"For the first time, we have physical evidence of what we have in writing from the ancient Greek physicians Dioscorides and Galen," says Alain Touwaide of the Smithsonian Institution's National Museum of Natural History in Washington DC.
The box of pills was discovered on the wreck in 1989, with much of the medicine still completely dry, according to Robert Fleischer of the Smithsonian's National Zoological Park, also in Washington DC.
Fleischer analysed DNA fragments in two of the pills and compared the sequences to the GenBank genetic database maintained by the US National Institutes of Health. He was able to identify carrot, radish, celery, wild onion, oak, cabbage, alfalfa and yarrow. He also found hibiscus extract, probably imported from east Asia or the lands of present-day India or Ethiopia.
"Most of these plants are known to have been used by the ancients to treat sick people," says Fleischer. Yarrow staunched the flow of blood from wounds, and Pedanius Dioscorides, a physician and pharmacologist in Rome in the first century AD, described the carrot as a panacea for a number of problems. "They say that reptiles do not harm people who have taken it in advance; it also aids conception," he wrote around 60 AD.
Read more at New Scientist
While we’re out on the site, we have all these construction workers coming up and one of the most common questions asked any archaeologist on a site is: Have you found the gold yet? It’s kind of the question that everyone asks. And normally you go “No, no.” But in this case there’s a chance we could find gold. And that’s if we found one of the lucky coins.
Lucky coin? Ever since the 2nd century B.C. -- not long after Romans began minting coins -- shipbuilders have been slipping a coin into the structure of their ships. It’s a tradition that continues today. In fact, the USS New York - made partially from steel recovered from the World Trade Center towers - did it as well (see "What is Stepping the Mast?").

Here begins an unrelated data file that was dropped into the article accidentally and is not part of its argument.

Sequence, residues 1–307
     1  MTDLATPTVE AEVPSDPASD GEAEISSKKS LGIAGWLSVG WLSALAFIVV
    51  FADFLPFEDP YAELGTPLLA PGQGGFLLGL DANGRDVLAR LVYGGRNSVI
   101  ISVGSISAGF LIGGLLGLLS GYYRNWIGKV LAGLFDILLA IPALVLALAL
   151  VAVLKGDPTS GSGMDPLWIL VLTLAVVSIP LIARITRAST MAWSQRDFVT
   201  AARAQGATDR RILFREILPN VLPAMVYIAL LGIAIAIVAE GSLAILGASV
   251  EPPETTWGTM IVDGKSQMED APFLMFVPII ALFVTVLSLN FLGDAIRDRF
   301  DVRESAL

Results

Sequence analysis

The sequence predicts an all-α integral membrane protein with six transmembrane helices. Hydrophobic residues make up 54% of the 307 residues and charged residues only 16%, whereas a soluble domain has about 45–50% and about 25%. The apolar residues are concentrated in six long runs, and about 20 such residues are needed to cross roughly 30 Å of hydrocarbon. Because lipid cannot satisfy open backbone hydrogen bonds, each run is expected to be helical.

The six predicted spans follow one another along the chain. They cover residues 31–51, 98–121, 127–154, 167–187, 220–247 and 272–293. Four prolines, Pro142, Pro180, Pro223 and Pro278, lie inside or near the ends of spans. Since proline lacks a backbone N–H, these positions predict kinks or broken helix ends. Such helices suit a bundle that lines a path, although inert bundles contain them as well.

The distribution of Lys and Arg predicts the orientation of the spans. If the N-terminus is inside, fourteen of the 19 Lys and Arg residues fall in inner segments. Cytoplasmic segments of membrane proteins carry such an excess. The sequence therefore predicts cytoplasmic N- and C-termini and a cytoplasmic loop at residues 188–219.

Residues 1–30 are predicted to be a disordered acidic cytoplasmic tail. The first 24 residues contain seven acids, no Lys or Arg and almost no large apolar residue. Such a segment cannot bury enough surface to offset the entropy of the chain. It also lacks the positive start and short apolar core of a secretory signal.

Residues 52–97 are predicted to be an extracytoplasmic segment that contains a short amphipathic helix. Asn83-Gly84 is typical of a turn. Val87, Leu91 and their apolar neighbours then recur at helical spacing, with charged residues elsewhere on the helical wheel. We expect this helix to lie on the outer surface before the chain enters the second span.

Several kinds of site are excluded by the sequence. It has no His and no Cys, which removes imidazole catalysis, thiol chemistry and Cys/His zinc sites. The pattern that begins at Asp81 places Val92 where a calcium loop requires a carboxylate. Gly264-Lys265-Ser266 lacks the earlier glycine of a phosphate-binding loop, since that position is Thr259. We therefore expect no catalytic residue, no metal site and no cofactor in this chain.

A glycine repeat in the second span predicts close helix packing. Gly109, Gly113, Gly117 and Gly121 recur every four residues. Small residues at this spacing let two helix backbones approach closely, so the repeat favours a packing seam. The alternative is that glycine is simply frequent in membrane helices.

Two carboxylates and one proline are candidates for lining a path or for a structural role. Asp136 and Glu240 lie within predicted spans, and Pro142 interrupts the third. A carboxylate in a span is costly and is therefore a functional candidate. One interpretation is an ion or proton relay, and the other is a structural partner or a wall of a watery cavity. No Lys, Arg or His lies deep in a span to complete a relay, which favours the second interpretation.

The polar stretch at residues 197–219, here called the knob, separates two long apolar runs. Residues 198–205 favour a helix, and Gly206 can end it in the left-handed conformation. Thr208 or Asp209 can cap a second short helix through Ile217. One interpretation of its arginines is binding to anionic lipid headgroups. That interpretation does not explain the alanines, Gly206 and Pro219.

For the ancient Romans it was likely a continuation of religious customs. Now it's just a tradition and done for good luck.
So we didn’t find it during the five days we were actually excavating it. However, one of my curators did find it between the stern knee and the stern post while we were cleaning the timbers.
Here's what they found:
It’s only a copper alloy coin. I think it’s of George II, a half penny.
Originally they thought they were working on the front of the ship. Not so -- upon closer inspection they've discovered they've got the stern of the ship.
Doub also says signs continue to point to the ship being a coastal vessel, most likely involved in commerce.
As for the mysteries surrounding the ship? Answers are forthcoming.
As of last week, all the researchers who required access to the timbers had taken their samples and measurements and returned to their respective laboratories for analysis. That means we'll soon know:
-- the species of the tree the wood came from;
-- the region where the wood was grown;
-- what year the tree was cut down;
-- the origins of the woodworm remains found in the timbers (which tells you where the ship sailed).
Doub estimates it'll take several months for that analysis to finish up.
Read more at Discovery News